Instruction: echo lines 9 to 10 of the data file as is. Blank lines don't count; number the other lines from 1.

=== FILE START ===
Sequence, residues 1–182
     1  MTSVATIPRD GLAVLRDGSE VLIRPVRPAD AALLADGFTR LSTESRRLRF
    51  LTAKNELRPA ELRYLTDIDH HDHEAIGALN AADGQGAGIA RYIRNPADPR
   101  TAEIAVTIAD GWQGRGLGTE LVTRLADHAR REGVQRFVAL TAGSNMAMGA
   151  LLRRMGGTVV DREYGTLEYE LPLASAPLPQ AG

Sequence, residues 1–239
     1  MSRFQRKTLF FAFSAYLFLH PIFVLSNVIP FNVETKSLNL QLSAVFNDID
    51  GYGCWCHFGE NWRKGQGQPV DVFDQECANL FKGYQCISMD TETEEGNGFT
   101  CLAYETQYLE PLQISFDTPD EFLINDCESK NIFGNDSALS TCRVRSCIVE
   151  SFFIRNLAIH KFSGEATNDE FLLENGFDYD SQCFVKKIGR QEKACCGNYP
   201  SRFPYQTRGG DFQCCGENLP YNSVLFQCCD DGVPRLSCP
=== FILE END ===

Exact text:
   101  CLAYETQYLE PLQISFDTPD EFLINDCESK NIFGNDSALS TCRVRSCIVE
   151  SFFIRNLAIH KFSGEATNDE FLLENGFDYD SQCFVKKIGR QEKACCGNYP